The Penguins’ roof-raising moment turned into something of a gut check for Cleveland State during the quarter break, however, as a poorly-run press made Kirby’s shot attempt possible.

“We were really passive all night, and that’s just not Cleveland State women’s basketball in any way,” Kielsmeier lamented.

The Vikings would execute much better, for the most part, from that point on.

Forward Faith Burch, a native of nearby Warren and the favorite player of a packed corner section of friends and family waving around pictures of the redshirt sophomore’s face, was involved in a pivotal fourth quarter moment. With 7:27 remaining, and the score tied 41-41, she drew an offensive foul to Saunders, a third infraction on the one-time Tennessee Lady Vol. Saunders, in a show of annoyance with the call, pushed Burch away from her, then got into a shouting match with Perdue, who stepped in to back her teammate.

Both Saunders and Perdue were slapped with technical fouls, forcing the former to the brink of disqualification and, temporarily, to the Youngstown State bench.

Almost immediately, the middle of the floor opened up, and the Vikings went on a 10-2 run. The spurt started with a pair of Maples drives through the paint that drew fouls and produced five of her game-high 18 points, then finished with a Perdue three-pointer.

YSU’s acting head coach John Nicolais spotted the obvious trend and put Saunders back in the game, but she quickly fouled out, on yet another whistle drawn by Burch.

Beyond her contributions to the disqualification of one of YSU’s most significant players, Burch added six points and 11 rebounds, the latter number equaling Reisma’s count as the contest’s high-water mark.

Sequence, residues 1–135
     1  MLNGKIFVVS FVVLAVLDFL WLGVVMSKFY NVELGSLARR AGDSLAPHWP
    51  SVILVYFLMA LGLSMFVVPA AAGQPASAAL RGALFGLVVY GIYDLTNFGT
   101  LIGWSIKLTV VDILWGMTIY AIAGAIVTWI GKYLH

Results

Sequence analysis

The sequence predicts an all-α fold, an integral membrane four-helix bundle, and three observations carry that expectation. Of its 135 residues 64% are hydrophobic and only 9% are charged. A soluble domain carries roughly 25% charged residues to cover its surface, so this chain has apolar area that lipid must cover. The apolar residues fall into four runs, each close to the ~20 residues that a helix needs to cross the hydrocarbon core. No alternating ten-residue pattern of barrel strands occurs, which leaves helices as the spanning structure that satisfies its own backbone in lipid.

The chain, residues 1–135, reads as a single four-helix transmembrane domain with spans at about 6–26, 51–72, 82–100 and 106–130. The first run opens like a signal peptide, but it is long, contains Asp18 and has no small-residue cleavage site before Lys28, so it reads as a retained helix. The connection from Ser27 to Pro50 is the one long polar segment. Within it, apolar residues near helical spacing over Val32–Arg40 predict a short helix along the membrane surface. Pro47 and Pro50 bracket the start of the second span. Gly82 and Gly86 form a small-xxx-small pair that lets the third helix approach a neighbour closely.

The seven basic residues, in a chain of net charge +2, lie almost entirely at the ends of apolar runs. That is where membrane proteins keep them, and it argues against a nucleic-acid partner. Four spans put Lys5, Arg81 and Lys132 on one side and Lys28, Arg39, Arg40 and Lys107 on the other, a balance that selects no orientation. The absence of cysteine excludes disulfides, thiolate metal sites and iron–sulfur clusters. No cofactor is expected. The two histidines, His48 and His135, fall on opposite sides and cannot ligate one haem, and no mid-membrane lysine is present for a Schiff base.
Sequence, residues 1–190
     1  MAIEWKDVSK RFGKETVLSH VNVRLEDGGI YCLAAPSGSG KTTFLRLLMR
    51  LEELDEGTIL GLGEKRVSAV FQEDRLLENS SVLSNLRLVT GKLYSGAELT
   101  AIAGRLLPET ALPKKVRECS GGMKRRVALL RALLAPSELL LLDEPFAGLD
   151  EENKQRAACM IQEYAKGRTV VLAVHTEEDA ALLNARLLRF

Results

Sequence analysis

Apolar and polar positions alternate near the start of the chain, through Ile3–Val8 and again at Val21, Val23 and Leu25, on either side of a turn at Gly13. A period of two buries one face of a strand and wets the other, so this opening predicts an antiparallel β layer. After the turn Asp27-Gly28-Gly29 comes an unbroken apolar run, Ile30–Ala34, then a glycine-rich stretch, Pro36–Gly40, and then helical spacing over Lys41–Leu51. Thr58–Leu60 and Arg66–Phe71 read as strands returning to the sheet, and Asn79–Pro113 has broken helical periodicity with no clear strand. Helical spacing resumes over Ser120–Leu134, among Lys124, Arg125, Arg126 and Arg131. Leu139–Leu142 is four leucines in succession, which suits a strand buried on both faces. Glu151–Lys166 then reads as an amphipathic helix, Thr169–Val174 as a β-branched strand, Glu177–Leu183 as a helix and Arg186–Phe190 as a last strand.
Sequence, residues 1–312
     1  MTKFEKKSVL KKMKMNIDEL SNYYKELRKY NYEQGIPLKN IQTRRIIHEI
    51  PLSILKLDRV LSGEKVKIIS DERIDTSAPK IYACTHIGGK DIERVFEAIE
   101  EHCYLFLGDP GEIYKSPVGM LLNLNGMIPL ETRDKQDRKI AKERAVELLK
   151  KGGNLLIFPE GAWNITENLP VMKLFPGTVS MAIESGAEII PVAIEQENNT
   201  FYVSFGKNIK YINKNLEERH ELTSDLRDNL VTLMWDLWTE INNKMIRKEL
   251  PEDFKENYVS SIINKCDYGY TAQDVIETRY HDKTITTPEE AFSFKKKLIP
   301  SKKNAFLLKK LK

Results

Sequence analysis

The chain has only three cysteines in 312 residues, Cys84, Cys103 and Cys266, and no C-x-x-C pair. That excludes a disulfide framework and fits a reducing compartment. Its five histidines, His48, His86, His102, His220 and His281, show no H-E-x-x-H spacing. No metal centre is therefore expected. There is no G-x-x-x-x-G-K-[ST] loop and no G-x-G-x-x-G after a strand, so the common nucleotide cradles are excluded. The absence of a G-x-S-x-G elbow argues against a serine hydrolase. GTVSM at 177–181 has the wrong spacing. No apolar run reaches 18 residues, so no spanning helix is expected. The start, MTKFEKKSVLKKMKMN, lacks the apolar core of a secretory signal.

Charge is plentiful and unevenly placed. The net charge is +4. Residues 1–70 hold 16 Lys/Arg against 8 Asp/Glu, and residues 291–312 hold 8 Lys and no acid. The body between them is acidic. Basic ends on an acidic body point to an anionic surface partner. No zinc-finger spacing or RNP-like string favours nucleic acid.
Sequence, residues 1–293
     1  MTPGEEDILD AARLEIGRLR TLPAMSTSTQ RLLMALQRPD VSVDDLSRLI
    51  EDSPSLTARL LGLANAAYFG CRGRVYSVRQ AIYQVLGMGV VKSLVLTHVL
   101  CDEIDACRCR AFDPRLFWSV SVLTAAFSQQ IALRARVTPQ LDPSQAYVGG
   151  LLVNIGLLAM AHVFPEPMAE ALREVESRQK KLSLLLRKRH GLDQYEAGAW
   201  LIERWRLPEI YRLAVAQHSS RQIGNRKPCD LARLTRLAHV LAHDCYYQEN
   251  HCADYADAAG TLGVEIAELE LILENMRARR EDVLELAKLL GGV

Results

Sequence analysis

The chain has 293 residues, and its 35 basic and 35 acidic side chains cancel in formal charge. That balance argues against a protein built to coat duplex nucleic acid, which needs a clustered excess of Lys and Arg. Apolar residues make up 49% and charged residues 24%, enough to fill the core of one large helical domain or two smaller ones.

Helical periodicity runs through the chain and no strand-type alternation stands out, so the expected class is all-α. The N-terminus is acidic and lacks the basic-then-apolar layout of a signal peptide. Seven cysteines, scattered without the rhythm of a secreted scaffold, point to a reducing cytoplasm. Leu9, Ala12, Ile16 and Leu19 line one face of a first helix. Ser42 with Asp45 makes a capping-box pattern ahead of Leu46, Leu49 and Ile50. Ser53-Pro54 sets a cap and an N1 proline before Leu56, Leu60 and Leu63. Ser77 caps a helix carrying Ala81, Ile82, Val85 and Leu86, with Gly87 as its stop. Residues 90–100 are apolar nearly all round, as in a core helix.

“Faith just plays so hard,” Kielsmeier said. “She had a huge crowd here tonight. She has worked so hard for this program, and she deserved a moment like this. I really believe that she’ll remember tonight for the rest of her life, and I think she’ll be telling stories about this to a lot of people 50 years from now.”

The Penguins had one final push just after CSU built its largest lead of the night though, fueled largely by threes from Kirby and Jarrells. After a subsequent Magestro bucket pulled YSU within three, an offensive foul on Maples gave the Penguins the ball back with 11.4 seconds remaining.

Unlike the disastrous close to the third quarter, the Vikings were fully engaged for the final sequence.

“I don’t know that we could’ve forced much more of a tough shot than what we did at the end,” Kielsmeier said. “I’m very proud of our players for getting through this stretch and finding a way to get this done to this point.”

The victory sets up a massive regular season finale at the Wolstein Center on Saturday, with Northern Kentucky visting, and the Vikings simply needing one more win to earn a share of the Horizon League regular season title. The idea that Saturday couldn’t happen without Tuesday’s ugly success wasn’t lost on Kielsmeier though.

“Sometimes you gotta find a way to win games like this to do something really special, and that’s what we did tonight,” he said.